"SEATTLE FILM DIRECTOR" is basically an oxymoron, since those who want to make something more substantial (and expensive) than a short movie soon leave town for Hollywood. Not so with Capitol Hill's Gregg Lachow, who moved here as a playwright but now grudgingly admits, "I call myself a filmmaker." Certainly the soft-spoken 42-year-old New York native has earned the right, having created four pictures here since arriving in 1988: The Seven Mysteries of Life (1994), The Wright Brothers (1997), Money Buys Happiness (1999), and Silence!, which premiered at SIFF last May.
directed by Gregg Lachow runs April 11-12 at Little Theatre
In fact, Lachow and the cast of Silence! are headed to L.A., but it's for his career retrospective at the prestigious American Cinematheque. Before the road trip, Silence! runs here with a script Lachow says has been substantially rewritten since SIFF. Still, its hybrid nature is the same: While a silent black-and-white movie plays on the screen, performers onstage variously narrate, comment, lip-synch, and even dance to the filmed proceedings. (The music's also live.) Lachow and his writers incorporate two texts into Silence!: Delmore Schwartz's 1937 short story In Dreams Begin Responsibilities, in which a man imagines he's watching a movie about his parents' courtship, and Chekhov's The Cherry Orchard—which the Silence! onscreen movie crew comically attempts to film.
Uh-oh, you're asking, is this some kind of wonky theater exercise in deconstruction?
"First of all, I think people are going to see a film," says Lachow reassuringly. "I call it a 'performed film.' I think of it as a manifestation of a kind of hidden truth, which is that a film is different every time you see it. Obviously it's physically the same, but we've all had the experience of it being dramatically different based on . . . the circumstances in which we see it. Because not only are you sitting and watching the film, but you're watching the people watching the film."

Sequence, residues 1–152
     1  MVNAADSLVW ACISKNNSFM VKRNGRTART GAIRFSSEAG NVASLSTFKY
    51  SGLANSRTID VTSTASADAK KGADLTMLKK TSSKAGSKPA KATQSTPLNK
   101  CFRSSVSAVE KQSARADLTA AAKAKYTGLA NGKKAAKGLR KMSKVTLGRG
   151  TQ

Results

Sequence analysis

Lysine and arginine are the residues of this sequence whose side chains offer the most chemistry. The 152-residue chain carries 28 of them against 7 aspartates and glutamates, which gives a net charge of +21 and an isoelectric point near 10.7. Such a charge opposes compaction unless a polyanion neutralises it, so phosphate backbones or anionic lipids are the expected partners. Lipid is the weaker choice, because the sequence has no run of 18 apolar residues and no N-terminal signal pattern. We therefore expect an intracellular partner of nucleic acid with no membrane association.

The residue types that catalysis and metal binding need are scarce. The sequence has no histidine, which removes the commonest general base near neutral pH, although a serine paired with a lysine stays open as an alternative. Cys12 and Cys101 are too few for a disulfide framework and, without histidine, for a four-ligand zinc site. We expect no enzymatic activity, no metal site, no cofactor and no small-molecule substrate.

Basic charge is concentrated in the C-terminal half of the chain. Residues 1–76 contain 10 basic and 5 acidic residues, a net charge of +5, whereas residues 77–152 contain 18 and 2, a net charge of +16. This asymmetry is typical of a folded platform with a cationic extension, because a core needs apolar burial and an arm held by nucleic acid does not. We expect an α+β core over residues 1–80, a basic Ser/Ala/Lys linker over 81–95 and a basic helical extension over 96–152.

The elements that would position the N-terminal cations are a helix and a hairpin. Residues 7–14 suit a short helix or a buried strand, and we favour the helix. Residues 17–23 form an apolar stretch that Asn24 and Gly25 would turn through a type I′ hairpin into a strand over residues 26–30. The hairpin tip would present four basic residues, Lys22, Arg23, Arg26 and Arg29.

Live music and performance were often part of silent-era cinema exhibition, he notes. "There's evolution in art forms, and certainly the evolution of film is one of the more interesting, in that there are various branches . . . that went only so far and died." Silence! speaks to what Lachow calls the subsequent "forced marriage between picture and sound" (analogous to the Delmore Schwartz material).
Speaking to the flesh-and-blood theatricality that's also been squeezed out of modern (talking) Hollywood cinema, Lachow concludes, "Another thing that goes on with Silence! is . . . the idea that if you want to see this film you have to go to the movie theater. You can only see it as part of the community. It can't be rented."